Despite Weber’s bleak diagnosis, the workshop will close by exploring options for reconciliation or compromise between values. How much room is there for negotiation between values? There are certainly values that derive from the same family of orientation or from the same foundations which should make negotiations and reconciliation easier. Is the dualism between people who consider themselves secular and those who regard themselves religious really an unchangeable opposition or a passing historical phenomenon and a difference that could be construed in alternative ways? To be sure, one appropriate response to modern value pluralism is tolerance as an attitude and virtue that allows people to permit those values that they don’t approve.

The conference is organised a part of the joint Boğaziçi -Southampton Newton-Katip Çelebi project “Agency and Autonomy: Kant and the Normative Foundations of Republican Self-Government”, run by Lucas Thorpe (Boğaziçi) and Andrew Stephenson (Southampton).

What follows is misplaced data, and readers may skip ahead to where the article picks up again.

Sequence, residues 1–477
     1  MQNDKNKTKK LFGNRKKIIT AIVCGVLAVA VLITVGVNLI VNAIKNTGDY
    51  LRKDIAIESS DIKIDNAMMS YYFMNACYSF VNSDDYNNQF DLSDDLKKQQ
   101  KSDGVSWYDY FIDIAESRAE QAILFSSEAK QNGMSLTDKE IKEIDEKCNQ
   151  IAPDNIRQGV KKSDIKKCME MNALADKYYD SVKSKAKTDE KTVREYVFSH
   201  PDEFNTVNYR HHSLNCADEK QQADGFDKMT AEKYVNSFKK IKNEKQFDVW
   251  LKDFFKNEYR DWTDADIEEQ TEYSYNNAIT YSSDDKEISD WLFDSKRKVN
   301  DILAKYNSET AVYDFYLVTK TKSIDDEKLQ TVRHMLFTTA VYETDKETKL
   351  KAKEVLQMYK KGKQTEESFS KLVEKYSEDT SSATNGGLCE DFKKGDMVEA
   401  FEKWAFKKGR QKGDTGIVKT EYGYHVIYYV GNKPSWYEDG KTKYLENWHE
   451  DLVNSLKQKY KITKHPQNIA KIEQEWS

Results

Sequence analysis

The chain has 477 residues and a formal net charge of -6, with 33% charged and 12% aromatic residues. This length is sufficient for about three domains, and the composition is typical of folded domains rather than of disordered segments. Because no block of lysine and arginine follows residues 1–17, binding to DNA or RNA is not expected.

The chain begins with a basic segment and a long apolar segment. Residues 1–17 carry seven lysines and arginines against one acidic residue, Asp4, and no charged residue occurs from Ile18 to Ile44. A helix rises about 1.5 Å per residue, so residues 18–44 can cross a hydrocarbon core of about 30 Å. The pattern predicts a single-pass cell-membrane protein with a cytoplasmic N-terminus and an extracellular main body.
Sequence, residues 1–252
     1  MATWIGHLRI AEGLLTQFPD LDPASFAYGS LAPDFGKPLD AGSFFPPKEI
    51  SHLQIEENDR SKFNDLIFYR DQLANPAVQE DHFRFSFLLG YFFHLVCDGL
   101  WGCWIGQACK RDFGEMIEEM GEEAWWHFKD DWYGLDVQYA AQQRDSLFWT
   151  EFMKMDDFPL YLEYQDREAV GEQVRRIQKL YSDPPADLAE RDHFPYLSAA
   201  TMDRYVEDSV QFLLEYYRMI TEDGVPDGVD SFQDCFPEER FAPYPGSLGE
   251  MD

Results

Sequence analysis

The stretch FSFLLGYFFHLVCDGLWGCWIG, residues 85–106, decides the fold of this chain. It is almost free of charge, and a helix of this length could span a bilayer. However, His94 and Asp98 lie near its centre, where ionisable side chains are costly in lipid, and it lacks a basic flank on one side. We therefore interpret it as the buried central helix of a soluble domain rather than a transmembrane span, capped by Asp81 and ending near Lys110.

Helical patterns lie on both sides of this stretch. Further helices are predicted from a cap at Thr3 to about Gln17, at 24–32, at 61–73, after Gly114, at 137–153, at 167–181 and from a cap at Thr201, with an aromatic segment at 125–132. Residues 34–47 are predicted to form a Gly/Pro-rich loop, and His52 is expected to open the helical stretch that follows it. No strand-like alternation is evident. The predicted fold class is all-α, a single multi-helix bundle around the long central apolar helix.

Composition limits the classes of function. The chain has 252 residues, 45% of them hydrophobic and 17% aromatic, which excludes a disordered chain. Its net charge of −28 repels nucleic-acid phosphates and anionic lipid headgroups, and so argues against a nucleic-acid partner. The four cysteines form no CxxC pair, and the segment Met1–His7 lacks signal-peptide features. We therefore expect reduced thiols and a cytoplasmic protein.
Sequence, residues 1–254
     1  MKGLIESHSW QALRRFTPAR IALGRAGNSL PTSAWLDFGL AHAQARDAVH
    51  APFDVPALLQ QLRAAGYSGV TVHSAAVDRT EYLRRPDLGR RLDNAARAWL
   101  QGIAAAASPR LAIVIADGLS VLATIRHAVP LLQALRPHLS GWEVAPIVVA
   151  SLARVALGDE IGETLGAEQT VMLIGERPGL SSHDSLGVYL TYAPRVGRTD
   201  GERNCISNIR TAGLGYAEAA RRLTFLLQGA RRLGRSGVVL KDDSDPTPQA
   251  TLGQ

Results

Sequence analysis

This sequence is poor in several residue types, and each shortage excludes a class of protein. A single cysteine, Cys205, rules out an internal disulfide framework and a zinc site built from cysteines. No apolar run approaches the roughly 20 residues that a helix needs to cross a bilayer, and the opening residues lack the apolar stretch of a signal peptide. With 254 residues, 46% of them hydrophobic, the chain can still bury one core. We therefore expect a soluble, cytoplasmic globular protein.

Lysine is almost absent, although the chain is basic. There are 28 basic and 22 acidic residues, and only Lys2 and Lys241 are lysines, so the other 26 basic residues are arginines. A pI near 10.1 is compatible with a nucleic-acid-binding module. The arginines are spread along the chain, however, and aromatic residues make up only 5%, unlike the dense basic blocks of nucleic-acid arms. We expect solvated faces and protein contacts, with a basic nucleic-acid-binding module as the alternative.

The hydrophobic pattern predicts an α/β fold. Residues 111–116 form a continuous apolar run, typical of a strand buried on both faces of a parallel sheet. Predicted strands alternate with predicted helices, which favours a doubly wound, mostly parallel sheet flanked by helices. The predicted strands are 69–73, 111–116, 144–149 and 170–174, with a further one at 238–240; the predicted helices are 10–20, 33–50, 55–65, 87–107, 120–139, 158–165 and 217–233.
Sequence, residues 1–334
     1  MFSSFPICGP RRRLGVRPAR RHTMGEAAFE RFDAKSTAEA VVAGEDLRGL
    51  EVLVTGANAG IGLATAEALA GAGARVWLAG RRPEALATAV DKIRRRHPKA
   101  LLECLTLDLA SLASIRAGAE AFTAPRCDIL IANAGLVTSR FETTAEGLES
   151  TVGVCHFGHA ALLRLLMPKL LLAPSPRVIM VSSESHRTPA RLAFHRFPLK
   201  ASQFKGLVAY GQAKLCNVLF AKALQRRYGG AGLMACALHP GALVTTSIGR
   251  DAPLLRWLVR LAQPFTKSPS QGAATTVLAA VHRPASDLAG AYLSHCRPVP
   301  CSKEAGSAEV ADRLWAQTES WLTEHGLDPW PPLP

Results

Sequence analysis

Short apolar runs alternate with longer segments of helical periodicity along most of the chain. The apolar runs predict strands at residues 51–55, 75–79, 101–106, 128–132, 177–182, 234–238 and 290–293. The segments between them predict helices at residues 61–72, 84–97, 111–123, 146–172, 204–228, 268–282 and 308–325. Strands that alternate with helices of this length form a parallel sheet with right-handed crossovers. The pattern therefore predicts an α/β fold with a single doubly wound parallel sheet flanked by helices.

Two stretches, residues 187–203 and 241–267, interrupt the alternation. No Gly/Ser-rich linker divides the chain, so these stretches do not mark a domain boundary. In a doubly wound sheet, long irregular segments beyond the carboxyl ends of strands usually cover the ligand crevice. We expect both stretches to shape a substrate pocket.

Written by Lucas Thorpe

May 25, 2018 at 12:17 am

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Talk at Boğaziçi: Kamarun Ozmanoglu (Kansas) “It Just Looks the Same: Differences in Racial Cognition among Infants and Older Humans” (15/05/2018)

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May 15, Tuesday, Kamuran Osmanoglu (Kansas) will give a talk on Racial Cognition.
Title: It Just Looks the Same: Differences in Racial Cognition among Infants and Older Humans